At Dockercon in Austin, Texas, Docker CEO Solomon Hydes said, Docker "is a bunch of projects not a monolith." One of the newest of these projects is LinuxKit. This is a toolkit for building secure, portable, and lean operating systems for containers.
Specifically, it's a toolkit to assemble custom Linux subsystems with the initial intention to create a more native experience for Windows and Mac macOS desktops and cloud platforms. This program was developed with leading companies such as silicon partner ARMl infrastructure providers like HPE, as well as cloud companies including Microsoft and IBM. It is now an open source project that will be managed by The Linux Foundation.
Docker claimed LinuxKit allows users to "create very secure Linux subsystems because it is designed around containers. All of the processes, including system daemons, run in containers, enabling users to assemble a Linux subsystem with only the needed services. As a result, systems created with LinuxKit have a smaller attack surface than general purpose systems." That's all true, but it's true of any containerized operating system.
In a blog post, Justin Cormack, a Docker engineer, added: "LinuxKit includes the tooling to allow building custom Linux subsystems that only include exactly the components the runtime platform requires. All system services are containers that can be replaced, and everything that is not required can be removed. All components can be substituted with ones that match specific needs. It is a kit, very much in the Docker philosophy of batteries included but swappable."
LinuxKit enables this by bundling Linux into the Docker platform. That way users who want Linux container support on platforms without native Linux such as macOS and Windows can run on these operating systems.
The base LinuxKit Linux distribution is tiny. At its smallest, LinuxKit Linux takes up only 35MB with an extremely fast boot time to match. As you'd expect, "All system services are containers, which means that everything can be removed or replaced." It's highly portable and can work on desktops, servers, IoT, mainframes, bare metal, and virtualized systems.
If this sound familiar, well it should. Alpine is, and will remain, Docker's native Linux for containers. Alpine has many of the same features. The key difference is that LinuxKit is meant to be even more flexible and easier to customize.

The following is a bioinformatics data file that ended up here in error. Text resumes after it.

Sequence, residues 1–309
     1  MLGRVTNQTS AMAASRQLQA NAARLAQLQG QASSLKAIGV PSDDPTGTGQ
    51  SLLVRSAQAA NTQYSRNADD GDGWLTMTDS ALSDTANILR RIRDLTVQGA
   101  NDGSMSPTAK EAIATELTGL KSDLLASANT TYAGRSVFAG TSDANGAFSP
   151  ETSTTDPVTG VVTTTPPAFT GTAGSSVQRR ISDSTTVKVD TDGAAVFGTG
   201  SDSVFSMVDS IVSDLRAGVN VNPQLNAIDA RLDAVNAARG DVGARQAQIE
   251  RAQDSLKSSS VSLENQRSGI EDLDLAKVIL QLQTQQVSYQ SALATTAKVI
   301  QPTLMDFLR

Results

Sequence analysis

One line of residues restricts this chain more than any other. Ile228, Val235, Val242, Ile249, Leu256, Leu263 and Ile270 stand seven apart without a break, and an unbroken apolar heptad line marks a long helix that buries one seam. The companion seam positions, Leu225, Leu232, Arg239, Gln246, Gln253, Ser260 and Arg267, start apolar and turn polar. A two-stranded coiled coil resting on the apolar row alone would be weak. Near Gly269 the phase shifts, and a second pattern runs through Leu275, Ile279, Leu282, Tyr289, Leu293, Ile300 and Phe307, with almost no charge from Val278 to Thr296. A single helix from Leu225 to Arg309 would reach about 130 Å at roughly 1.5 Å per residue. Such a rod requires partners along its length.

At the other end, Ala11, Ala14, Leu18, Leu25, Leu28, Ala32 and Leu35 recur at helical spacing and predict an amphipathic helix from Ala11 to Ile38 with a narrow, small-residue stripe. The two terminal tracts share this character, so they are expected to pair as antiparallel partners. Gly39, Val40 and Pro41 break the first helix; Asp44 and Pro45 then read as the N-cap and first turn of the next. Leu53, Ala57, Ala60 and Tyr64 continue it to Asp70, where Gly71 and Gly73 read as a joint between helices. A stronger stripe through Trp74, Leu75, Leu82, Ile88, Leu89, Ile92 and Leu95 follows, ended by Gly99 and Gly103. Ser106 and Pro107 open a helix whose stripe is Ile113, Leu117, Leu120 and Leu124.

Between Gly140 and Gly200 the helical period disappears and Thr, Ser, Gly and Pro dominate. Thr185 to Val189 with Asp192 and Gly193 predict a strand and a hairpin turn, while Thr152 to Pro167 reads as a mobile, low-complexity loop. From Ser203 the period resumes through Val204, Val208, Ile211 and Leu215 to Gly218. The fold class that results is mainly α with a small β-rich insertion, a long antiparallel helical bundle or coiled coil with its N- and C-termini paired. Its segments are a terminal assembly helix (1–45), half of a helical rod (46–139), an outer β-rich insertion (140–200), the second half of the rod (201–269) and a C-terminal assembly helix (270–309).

In a tweet, Nathan McCauley, Docker's security director, made it explicit that "Linuxkit's roots are in Alpine. A stronger Alpine is a stronger LinuxKit. We'll continue to invest in Alpine." McCauley also said LinuxKit is "a Linux subsystem focused on security."
Is there a market for LinuxKit? Good question.
Matthew Garrett, a Google security engineer and well-known open-source developer, tweeted that while he thinks "Linuxkit is really interesting from a technical perspective," he also believes "Docker [is] going to find the same thing everyone else does -- companies with RHEL [Red Hat Enterprise Linux] contracts hate running niche Linux distributions. And, "The Windows use-case is a little confusing to me. Linuxkit is overkill for just running existing containers under HyperV."
I also notice that while you wouldn't want to run Linux servers on Ubuntu Bash on Window 10, even with Bash's new improvements in Windows 10 Creators Update, this Windows 10 feature weakens LinuxKit's case for the Windows desktop.
Want to see if it will work in your use cases? LinuxKit's code is available now on GitHub.
- Docker open sources container runtime and management program containerd
- Canonical partners with Docker for cloud container management
- What is Docker and why is it so darn popular?
- Docker: The smart person's guide (TechRepublic)
How Docker brought containers mainstream